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To stop dealing with a drug user / person with mental health issues

(16 Posts)
AtrociousCircumstance Wed 20-May-20 14:05:01

No, no, no. You’ve been through horrendous trauma losing two close people to suicide and you need to stop hurting yourself by hanging onto this person. It is only damaging you.

Staying hooked on his drama is like self harm and may be a destructive part of processing all the pain you’re going through.

You have complete permission to end this connection, you have every right to protect yourself.

Theweasleytwins Wed 20-May-20 13:26:24

Sounds like he is negatively affecting your mh

CloudsCanLookLikeSheep Wed 20-May-20 13:06:05

These taker types never give in return

I fell out with a long term friend as she always phoned me in a crisis, despite never actually doing anything with the advice I gave, but the one time I had a personal issue that was upsetting me, she didn't want to know.

Get rid.

CockCarousel Wed 20-May-20 12:49:05

Sadly poor mental health and addiction go hand in hand, the latter is nearly always an attempt at self-medication, (I speak from experience).

It sounds as if your friend is still in the grip of an addiction and until the individual has a moment of clarity and decides to make changes there's not really anything you can do.

CoraPirbright Wed 20-May-20 12:41:25

I agree with TheInebriati

ginnybag Wed 20-May-20 12:39:07

Oxygen mask theory time here, I think.

To be of help to others, you first have to protect yourself. You can't help if you become a casualty in the process.

You are allowed to step away from this chap to protect yourself - you don't need a 'reason'

StrictlyAFemaleFemale Wed 20-May-20 12:31:12

You say you can feel yourself going down. Would this guy do the same for you? Would he support you to his own detriment? My guess is no. So give yourself permission to put yourself first and block. This friend is not your responsibility.

ReincarnatedDodo Wed 20-May-20 12:22:52

Thank you, will look into codependency.

By frightening I mean things like suicide threats.

The police have been amazing, well the call handler specifically, I think three out of the last four times Ive had to resort to calling them I've had the same call handler and she pointed out last night that she could hear I was super anxious and she actually spoke to me for quite a while after she had sent a car round to find him.

It's just made me all think about the toll it is having me on me. i am already struggling with my mental health, have recently lost a friend to suicide and lost my partner to suicide a few years ago so I think it is retraumatising me. But then i feel shit for just abandoning him when we are all in lockdown.

OP’s posts: |
Thelnebriati Wed 20-May-20 12:02:18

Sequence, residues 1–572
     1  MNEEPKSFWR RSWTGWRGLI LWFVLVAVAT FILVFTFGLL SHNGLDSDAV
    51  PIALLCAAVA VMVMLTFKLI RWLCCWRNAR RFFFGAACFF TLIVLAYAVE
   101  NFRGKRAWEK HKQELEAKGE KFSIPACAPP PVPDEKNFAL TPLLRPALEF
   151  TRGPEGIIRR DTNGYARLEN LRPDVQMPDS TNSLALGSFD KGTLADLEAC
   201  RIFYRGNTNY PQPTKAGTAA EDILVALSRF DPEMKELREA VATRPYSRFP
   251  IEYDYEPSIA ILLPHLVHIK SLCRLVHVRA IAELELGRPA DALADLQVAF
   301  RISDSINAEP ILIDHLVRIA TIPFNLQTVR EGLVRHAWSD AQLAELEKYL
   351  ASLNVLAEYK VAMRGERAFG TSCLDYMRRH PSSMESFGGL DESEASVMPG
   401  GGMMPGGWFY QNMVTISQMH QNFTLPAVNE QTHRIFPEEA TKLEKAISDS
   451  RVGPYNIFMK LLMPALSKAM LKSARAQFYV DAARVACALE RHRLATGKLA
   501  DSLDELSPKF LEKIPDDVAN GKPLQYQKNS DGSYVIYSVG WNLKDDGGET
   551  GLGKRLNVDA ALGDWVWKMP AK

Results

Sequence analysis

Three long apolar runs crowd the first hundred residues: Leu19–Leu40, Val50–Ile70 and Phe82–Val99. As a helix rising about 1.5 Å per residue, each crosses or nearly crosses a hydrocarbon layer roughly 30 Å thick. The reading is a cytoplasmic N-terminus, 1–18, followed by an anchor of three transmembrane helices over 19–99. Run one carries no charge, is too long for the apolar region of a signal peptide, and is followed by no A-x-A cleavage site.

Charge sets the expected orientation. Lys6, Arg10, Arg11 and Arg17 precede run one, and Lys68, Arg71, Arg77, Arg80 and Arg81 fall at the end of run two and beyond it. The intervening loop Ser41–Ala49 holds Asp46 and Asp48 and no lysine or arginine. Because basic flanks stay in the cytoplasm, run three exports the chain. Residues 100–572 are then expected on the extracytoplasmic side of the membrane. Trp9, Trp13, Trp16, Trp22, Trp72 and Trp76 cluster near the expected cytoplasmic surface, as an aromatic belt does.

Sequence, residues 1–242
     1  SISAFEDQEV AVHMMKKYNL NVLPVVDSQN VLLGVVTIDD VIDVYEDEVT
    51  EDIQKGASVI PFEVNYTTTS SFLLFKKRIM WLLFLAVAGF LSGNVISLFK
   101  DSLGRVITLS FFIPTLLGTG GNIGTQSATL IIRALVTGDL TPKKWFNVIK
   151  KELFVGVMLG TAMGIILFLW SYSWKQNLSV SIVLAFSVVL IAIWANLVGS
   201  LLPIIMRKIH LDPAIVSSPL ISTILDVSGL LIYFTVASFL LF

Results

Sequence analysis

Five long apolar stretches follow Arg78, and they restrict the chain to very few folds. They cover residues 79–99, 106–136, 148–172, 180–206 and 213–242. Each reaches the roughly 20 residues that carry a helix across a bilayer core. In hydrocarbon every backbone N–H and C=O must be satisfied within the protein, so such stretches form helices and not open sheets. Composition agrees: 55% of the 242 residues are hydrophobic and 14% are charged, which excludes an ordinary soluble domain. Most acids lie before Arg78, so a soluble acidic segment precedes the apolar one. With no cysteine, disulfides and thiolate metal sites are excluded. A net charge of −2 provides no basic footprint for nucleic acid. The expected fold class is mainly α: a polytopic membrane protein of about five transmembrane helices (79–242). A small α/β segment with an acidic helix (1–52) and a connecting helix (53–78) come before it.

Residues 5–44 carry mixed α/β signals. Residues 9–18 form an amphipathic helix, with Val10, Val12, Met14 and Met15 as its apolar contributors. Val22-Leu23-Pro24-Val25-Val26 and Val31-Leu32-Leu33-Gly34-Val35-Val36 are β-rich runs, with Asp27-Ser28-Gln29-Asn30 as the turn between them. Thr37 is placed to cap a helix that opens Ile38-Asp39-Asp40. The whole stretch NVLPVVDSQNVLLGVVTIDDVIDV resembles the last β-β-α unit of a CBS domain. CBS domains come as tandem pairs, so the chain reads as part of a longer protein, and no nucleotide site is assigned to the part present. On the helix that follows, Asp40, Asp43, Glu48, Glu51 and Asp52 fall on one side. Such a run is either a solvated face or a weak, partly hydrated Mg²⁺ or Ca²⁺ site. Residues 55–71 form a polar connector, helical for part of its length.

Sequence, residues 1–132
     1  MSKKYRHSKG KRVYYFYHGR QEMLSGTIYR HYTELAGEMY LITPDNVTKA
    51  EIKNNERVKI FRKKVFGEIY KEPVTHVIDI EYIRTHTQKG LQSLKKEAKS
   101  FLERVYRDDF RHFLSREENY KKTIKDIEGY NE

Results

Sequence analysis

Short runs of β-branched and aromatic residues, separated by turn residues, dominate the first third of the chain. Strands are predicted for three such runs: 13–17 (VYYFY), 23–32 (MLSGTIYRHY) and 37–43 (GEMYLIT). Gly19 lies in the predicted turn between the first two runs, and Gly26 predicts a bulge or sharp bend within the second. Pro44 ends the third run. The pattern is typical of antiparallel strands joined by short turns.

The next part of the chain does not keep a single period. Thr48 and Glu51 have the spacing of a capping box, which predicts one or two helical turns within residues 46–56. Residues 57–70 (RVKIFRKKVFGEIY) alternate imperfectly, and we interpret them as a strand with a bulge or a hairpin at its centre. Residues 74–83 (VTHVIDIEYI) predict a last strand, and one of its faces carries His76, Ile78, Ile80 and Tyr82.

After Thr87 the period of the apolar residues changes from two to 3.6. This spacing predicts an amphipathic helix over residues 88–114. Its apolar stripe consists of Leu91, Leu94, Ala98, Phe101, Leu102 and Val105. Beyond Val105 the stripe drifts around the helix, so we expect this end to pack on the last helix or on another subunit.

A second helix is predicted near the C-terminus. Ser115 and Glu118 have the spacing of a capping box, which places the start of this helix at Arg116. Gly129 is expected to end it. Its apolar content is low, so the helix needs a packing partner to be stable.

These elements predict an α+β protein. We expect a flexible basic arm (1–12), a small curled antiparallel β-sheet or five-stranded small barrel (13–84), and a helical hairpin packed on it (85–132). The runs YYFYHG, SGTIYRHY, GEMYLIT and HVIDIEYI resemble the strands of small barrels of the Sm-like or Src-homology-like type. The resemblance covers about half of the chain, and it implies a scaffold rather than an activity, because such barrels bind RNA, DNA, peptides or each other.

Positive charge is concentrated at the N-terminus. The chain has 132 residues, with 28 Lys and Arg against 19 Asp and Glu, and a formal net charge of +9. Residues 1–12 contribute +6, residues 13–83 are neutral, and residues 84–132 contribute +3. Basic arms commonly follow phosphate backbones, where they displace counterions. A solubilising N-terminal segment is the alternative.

Yanbu to end the friendship, but although you want to unhook without any more distress or drama, there is no guarantee you can manage his reaction.

When he is as sober as he will ever be, state plainly that you can no longer cope with the drama, you regret that as a consequence you have decided to end the friendship, and he is to delete your number from his phone and not contact you again.
Then block him.

AtrociousCircumstance Wed 20-May-20 11:56:17

Unhook from this shit. You can’t help him. This connection is only hindering you.

Read up on codependency maybe.

NotSuchASmugMarriedNow1 Wed 20-May-20 11:54:52

is he sending you frightening messages? What do you mean by frightening?

Aquamarine1029 Wed 20-May-20 11:51:59

I would be blocking him.

ReincarnatedDodo Wed 20-May-20 11:47:49

He doesn't have an underlying mental health issue. The changes in behaviour is caused by drug use.

I feel duped and lied to do be honest, and super tired.

OP’s posts: |
Iwalkinmyclothing Wed 20-May-20 11:41:34

People can have both a severe and enduring mental health condition and a drug problem, in fact many do.

You are under no obligation whatsoever to have anything to do with him or anyone else, though.

BemidjiMinnesota Wed 20-May-20 11:39:05

This person obviously isn't your friend?
They are taking advantage of you. Even if the underlying cause was a mental health problem, you wouldn't have to tolerate this amount of pressure.

You don't need to accept any level of abuse from anyone. Cut ties with this person and look into getting some therapy for why you would allow yourself to be trapped in this damaging dynamic.

ReincarnatedDodo Wed 20-May-20 11:24:13

I have a friend who I have always thought had a severe mental health diagnosis, however, it is now transpiring he does not have an underlying mental health condition but has mental health issues due to a drug addiction.

I have been on tenterhooks for another night because of frightening messages being sent, and then phones being turned off, no response, and receiving different messages from someone who was with him supposedly to what the police were telling me.

I am not sure I have the resilience to keep going through this and have now found out (reliable source) that it is due to taking drugs and not an underlying mental health issue. He can go for days without the drugs, weeks even, then takes them recreationally and then spirals.

I just want to gently remove myself from the situation.

OP’s posts: |

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